So you’ve decided you’ve had enough of the good old UK and you’re heading out to pastures new, namely Europe, at least for this year.
And as the time is getting closer, you’re now thinking what are the conditions for travelling with a caravan or motorhome through Europe?
Other than planning the route, that will take in the countries you are keen to visit, which we assume you have already done, there is the documentation that needs to accompany you.
You must carry these with you if you want to avoid any unnecessary problems with the police. Each country will have its own set of rules, but it will not be too different from what you face in the UK.
Unlike at home in the UK, if the police have stopped you they give you 7 days to produce documents, in Europe they must be in your possession.
For yourself and family:
- Driving licence for each person who will drive your vehicle
For Your Vehicle:
- Proof that you own the vehicle(s)
- MOT certificate if your vehicle is over 3 years old
- Proof of insurance, this must be the actual certificate
- The EHIC card. With this, you’ll be able to claim emergency health care if you’re in an EU country. This will only give basic cover, still take out comprehensive travel insurance, for all members of your party.
- Your CKE membership card. If you’re not a member, it would be a good idea to join. You won’t need your passport every time you register at a new campsite. You will enjoy discounted stays, and it carries third-party liability insurance.
- If you plan on taking your pet into EU countries, you will need to bring this with you. Check with your vet at least 3 to 4 months before you travel to ensure you have the valid vaccinations for each country you will visit.
- If you will only be in EU countries, then your UK insurance will cover you for third-party liability. However, probably extend this to fully comprehensive for the duration of your holiday.
This is how it stands, but from 1st January 2021 the UK will no longer be in the EU and the rules are going to change.
Conditions For Traveling With A Caravan Or Motorhome Through Europe After Brexit
Your current EU passport should be valid for travel into Europe. The UK government has said there is no need to apply for the new passport until your current one runs out. You can apply for the new blue United Kingdom of Great Britain And Northern Island now if you want to though.
You will need an International Driving Permit (IDP) carried alongside your UK driving licence. The IDP is an official translation of your driving licence details. You can buy one from the UK post office.
You may need over one IDP depending on the countries you plan to visit. It’s a good idea to check the UK government’s website to find out which countries need one.
After Brexit, you will need a green card from your insurance company to take a vehicle into Europe. If you’re towing a caravan, you will need two green cards, one for each vehicle, for some EU countries. Check all the requirements from your current insurance company.
Give yourself enough time to get this issued, you don’t want to be on the roads in Europe without your green card, they could class you as being uninsured.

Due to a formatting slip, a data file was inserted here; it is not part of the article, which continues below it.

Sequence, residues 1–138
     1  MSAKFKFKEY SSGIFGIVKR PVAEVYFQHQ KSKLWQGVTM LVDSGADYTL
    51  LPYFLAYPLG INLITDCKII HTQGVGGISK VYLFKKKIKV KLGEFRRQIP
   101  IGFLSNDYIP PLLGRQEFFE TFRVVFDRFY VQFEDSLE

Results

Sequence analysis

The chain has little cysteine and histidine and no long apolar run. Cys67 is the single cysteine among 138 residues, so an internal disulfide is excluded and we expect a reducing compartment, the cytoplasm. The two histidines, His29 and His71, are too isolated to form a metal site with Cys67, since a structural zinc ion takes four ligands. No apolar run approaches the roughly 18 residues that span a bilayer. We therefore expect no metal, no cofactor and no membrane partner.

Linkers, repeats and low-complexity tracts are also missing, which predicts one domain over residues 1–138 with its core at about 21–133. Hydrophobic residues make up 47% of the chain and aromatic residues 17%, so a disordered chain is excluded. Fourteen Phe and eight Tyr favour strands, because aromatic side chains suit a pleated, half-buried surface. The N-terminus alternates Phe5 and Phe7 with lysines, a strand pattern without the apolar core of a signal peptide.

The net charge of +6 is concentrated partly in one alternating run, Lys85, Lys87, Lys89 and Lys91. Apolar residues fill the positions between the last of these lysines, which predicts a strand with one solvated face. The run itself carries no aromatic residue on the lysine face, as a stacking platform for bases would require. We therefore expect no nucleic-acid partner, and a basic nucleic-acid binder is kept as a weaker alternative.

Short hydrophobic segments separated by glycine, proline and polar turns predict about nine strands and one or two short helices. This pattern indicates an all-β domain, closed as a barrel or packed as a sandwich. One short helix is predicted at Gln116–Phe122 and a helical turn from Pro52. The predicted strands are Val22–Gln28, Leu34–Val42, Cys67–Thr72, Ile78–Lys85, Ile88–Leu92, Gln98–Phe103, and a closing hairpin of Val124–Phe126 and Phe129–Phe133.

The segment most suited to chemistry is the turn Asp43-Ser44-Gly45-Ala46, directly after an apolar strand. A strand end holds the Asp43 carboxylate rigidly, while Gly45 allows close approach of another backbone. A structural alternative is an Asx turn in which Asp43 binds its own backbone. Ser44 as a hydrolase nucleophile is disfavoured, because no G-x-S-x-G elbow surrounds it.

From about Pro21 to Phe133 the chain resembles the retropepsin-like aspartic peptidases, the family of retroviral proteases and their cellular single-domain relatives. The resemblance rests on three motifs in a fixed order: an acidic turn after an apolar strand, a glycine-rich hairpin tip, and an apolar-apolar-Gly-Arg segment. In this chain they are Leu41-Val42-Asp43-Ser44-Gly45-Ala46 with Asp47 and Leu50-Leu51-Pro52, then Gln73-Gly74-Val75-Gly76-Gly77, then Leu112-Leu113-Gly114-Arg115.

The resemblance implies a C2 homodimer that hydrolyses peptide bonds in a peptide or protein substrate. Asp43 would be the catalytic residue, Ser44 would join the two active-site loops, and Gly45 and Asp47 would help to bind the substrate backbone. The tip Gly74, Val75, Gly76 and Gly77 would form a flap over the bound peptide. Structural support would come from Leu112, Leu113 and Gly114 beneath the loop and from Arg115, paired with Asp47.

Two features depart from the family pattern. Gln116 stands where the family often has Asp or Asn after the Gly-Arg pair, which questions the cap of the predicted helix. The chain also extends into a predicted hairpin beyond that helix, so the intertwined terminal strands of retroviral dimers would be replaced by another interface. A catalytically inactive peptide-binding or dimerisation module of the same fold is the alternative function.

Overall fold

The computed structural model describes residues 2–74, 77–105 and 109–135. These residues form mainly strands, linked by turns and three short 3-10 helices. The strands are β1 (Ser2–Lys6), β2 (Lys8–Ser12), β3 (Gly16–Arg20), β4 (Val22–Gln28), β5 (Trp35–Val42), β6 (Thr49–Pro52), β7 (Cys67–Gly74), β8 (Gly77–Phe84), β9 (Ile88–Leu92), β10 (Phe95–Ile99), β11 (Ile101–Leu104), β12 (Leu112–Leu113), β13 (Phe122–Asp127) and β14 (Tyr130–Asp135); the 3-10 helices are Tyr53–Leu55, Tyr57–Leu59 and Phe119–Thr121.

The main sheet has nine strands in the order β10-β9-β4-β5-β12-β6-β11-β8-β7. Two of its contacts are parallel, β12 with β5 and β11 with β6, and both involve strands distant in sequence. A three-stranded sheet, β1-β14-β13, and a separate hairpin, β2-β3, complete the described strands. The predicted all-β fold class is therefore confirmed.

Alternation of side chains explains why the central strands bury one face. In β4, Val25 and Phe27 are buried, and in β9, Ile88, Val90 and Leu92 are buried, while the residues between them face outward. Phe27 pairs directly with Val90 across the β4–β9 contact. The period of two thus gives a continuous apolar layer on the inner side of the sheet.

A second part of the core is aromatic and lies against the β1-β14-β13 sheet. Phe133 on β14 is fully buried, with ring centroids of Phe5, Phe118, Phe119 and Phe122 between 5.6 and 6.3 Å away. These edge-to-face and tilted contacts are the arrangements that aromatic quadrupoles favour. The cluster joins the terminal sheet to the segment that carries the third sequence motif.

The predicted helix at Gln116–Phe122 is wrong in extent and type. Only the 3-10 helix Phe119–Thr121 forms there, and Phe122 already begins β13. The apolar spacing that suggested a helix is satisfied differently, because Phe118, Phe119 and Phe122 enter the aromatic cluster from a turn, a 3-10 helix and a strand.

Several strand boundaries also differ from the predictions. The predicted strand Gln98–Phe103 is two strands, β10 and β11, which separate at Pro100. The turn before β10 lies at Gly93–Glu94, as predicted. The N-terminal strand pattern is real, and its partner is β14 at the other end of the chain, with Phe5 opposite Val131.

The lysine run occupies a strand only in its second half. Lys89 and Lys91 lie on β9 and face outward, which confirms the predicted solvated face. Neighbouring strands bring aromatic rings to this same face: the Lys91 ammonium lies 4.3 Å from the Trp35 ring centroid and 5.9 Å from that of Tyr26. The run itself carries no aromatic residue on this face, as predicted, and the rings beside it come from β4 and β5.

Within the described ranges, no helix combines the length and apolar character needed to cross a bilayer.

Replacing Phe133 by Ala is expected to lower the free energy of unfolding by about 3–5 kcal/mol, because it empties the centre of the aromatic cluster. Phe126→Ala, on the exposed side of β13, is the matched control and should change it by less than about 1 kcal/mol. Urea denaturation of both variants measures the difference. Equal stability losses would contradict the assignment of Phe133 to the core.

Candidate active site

Check they allow which countries you may enter with your insurance and double-check the maximum time you can stay there on the same insurance.
Back to the days of the GB sticker. You will need to put one on your vehicle and on your caravan if you’re towing one.
European Accident Statement form:
Although being in possession of one is not a legal requirement for driving and towing a caravan in Europe, it makes sense to get one from your insurance company. Because you’re going to encounter foreign languages, it will make it much easier to swap details and facts of an accident.
They will require you to carry the actual certificate with you (not a photocopy), same as usual.
Vehicle Registration Document:
The UK government recommends that after Brexit when taking a vehicle into Europe, you carry your vehicle ownership documents. This includes the ownership documents of your caravan. Ensure it has your correct address on them.
There’s some confusion around the EHIC. Some countries like Spain have suggested they will still honour the card. As of now, you can still apply for it.
Taking Your Pet Into Europe:
After Brexit, I’m afraid your pet passport will be of no use. There are a great many things that you will now have to do to take your pet with you.
- First, you will need 4 months to get everything sorted.
- Microchip your pet If you haven’t already done so, that’s the first job. This is necessary before you take any blood samples, which I’m coming to now.
- Get your pet’s rabies vaccinations up to date.
- There has to be at least thirty days from the rabies jab before you can go ahead with the next step.
- When 30 days have passed, visit your vet again for him to take a blood sample. He should send it to a specific laboratory for testing that there are rabies antibodies in your pet’s blood.
- Three months after a successful blood test and no later than 10 days before your travel dates, visit your vet once again for a medical certificate.
On arrival in Europe, you may only enter through a designated entry point with your vet. The immigration officials are within their rights to ensure all the procedures have been carried out. Make sure you take all the documents with you. Be prepared to pay a fee of up to 100 euros because they will most likely have a vet examine your pet, anyway.
A word of caution, if you don’t mind, the immigration takes this seriously and if you don’t comply fully they are within their rights to refuse your entry into their country.